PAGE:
The HPV vaccine is now free for eligible men up to the age of 26.

Who is eligible?

Individuals eligible for the publicly funded human papillomavirus (HPV) vaccine include men who have sex with men (MSM) who are 26 years of age or younger and identify as gay, bisexual, as well as other MSM – including some trans people.

Why is this community eligible, and not others?

It is estimated that without immunization, at least 7 out of 10 sexually active people will get HPV in their lifetime. Among MSM, the risk of genital warts caused by HPV infection is about 3 times higher than for heterosexual males and the risk of anal cancer is 20 times higher.

How and where can you get the vaccine?

You must meet eligibility requirements (see above) to receive the publicly funded HPV vaccine. However, anyone can talk to their health care provider about getting vaccinated from HPV.

The free HPV vaccine is available for eligible individuals through their local public health unit. For more information, contact your local public health unit or health care provider. To find a public health unit near you, visit

The HPV vaccine is given as either a two or three-dose series, depending on a person’s age when they receive their first dose and their medical and immunization history.

For all doses to be publicly funded, the vaccine series needs to be completed before you turn 27 years of age. It’s important to get all the recommended doses for full protection.

To find a public health unit near you, visit

What is HPV?

The human papillomavirus (HPV) infection is a sexually transmitted infection (STI). HPV is a very common virus and is spread during sexual activity involving intimate skin-to-skin contact with an infected person. HPV can be passed even when an infected person has no signs or symptoms.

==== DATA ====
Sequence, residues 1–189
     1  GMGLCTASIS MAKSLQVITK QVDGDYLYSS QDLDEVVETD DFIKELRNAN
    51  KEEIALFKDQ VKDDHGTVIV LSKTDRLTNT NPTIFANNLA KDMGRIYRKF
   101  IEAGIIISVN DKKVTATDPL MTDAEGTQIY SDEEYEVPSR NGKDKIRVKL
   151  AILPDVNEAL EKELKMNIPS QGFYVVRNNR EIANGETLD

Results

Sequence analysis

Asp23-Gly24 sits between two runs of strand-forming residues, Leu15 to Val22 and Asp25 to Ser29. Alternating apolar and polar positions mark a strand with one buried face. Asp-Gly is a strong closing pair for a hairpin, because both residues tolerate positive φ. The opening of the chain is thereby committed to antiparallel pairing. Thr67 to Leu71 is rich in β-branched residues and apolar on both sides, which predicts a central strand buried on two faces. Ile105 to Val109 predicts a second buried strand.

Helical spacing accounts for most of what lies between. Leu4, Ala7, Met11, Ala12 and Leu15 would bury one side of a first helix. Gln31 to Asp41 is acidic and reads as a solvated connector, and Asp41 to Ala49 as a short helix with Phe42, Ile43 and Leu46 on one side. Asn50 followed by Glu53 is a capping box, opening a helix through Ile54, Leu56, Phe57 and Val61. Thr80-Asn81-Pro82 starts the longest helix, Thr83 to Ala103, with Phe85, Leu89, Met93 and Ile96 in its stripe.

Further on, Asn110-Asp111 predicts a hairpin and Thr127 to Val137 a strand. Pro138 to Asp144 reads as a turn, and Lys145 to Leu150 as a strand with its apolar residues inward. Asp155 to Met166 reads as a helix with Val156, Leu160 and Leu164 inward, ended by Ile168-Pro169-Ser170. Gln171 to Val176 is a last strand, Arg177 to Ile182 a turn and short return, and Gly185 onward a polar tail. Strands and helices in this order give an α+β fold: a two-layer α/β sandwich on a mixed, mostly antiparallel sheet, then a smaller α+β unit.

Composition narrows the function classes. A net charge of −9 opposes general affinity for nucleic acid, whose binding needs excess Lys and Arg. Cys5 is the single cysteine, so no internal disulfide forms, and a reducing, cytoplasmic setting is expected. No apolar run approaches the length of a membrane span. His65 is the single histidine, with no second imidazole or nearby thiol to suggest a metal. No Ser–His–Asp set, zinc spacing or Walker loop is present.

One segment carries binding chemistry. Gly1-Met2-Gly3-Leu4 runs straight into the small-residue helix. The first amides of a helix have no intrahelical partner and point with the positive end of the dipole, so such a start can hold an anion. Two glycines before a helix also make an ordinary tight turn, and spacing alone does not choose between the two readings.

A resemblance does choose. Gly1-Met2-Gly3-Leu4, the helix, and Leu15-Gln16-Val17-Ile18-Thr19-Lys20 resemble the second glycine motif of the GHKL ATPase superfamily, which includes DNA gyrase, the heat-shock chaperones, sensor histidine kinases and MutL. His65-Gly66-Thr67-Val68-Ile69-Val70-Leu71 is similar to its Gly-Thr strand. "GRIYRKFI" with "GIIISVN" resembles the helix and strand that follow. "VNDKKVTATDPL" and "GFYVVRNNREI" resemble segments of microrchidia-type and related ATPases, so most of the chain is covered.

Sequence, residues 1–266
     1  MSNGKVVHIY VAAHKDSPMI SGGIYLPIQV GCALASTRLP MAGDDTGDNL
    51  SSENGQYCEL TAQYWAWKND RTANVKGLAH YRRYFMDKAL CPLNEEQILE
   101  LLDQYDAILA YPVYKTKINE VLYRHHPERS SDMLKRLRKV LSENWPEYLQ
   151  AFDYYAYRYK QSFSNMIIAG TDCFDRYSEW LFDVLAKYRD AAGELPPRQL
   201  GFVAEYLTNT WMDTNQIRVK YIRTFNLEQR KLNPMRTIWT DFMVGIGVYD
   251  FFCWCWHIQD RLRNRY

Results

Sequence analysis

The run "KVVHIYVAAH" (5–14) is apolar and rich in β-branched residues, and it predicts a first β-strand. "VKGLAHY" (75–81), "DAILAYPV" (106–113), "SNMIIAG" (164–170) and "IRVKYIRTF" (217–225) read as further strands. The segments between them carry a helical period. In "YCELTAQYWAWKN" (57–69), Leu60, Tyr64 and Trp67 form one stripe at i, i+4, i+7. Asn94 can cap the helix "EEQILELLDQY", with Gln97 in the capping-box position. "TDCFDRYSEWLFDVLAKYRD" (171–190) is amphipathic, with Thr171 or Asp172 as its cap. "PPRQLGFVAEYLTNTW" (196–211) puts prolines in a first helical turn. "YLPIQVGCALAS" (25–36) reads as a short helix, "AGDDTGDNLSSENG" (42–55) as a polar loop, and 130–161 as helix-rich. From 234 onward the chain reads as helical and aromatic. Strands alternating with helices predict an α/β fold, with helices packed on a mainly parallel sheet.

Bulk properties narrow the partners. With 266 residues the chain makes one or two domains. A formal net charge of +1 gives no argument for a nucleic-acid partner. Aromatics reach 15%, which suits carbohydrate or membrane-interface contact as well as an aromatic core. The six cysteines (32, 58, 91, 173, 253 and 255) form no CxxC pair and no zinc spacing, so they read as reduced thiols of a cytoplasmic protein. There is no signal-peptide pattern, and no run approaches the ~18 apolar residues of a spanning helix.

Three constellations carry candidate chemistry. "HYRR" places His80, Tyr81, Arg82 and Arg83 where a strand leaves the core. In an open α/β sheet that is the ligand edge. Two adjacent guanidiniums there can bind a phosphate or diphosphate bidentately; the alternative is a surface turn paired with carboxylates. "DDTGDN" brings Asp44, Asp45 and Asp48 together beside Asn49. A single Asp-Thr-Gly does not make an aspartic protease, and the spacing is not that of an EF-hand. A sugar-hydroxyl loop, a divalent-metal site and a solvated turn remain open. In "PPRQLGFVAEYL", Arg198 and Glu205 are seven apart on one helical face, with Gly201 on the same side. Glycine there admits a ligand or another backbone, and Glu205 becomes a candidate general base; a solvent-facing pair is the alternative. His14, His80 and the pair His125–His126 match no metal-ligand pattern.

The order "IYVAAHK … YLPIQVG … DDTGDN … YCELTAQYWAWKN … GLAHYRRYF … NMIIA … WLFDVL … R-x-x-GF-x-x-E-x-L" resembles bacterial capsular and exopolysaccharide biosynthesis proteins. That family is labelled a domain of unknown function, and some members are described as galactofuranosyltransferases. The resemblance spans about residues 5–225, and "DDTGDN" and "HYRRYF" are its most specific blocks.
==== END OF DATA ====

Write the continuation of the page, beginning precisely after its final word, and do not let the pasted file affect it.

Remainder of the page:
The most common symptoms of HPV are warts on, in, or around the penis and anus. In some cases, HPV infections can cause a variety of serious health problems, including anal cancers. It can also cause other cancers. Cancers caused by HPV infections develop very slowly and may not be diagnosed until years, or even decades, after a person initially gets infected with HPV.

In many cases, people infected with HPV will not experience symptoms or health problems. However, they are still at risk of passing along the virus to their sexual partners.

How can you get it?

HPV is spread during sexual activity through skin-to-skin contact with someone who has HPV. While consistent and correct use of latex condoms may reduce the risk of getting HPV, the virus can still be spread through skin-to-skin contact from areas that are not covered by the condom.

Remember—“symptom-free” doesn’t mean “infection-free.” Even if you feel perfectly fine, and do not notice any visible warts, you can still carry the virus and pass it on to your partner.

For more about symptoms, treatment, and general information on HPV visit



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